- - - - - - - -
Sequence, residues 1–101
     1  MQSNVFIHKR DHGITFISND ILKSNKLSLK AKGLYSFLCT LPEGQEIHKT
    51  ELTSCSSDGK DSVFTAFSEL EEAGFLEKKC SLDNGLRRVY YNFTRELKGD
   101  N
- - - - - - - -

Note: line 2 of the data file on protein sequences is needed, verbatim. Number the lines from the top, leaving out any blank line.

     1  MQSNVFIHKR DHGITFISND ILKSNKLSLK AKGLYSFLCT LPEGQEIHKT